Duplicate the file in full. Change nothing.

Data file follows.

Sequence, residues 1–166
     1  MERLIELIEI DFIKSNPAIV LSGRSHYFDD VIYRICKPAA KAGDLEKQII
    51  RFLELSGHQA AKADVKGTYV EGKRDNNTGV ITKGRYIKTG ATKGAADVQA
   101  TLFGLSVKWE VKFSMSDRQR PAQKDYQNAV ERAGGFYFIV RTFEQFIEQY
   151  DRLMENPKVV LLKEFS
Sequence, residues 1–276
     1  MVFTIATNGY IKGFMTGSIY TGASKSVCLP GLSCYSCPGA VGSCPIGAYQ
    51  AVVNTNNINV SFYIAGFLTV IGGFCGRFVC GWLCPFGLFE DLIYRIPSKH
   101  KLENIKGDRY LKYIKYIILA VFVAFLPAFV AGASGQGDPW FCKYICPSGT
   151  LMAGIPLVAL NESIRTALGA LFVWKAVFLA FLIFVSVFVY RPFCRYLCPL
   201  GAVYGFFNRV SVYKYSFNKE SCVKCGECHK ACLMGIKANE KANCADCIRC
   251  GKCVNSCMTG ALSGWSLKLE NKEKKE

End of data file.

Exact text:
Sequence, residues 1–166
     1  MERLIELIEI DFIKSNPAIV LSGRSHYFDD VIYRICKPAA KAGDLEKQII
    51  RFLELSGHQA AKADVKGTYV EGKRDNNTGV ITKGRYIKTG ATKGAADVQA
   101  TLFGLSVKWE VKFSMSDRQR PAQKDYQNAV ERAGGFYFIV RTFEQFIEQY
   151  DRLMENPKVV LLKEFS
Sequence, residues 1–276
     1  MVFTIATNGY IKGFMTGSIY TGASKSVCLP GLSCYSCPGA VGSCPIGAYQ
    51  AVVNTNNINV SFYIAGFLTV IGGFCGRFVC GWLCPFGLFE DLIYRIPSKH
   101  KLENIKGDRY LKYIKYIILA VFVAFLPAFV AGASGQGDPW FCKYICPSGT
   151  LMAGIPLVAL NESIRTALGA LFVWKAVFLA FLIFVSVFVY RPFCRYLCPL
   201  GAVYGFFNRV SVYKYSFNKE SCVKCGECHK ACLMGIKANE KANCADCIRC
   251  GKCVNSCMTG ALSGWSLKLE NKEKKE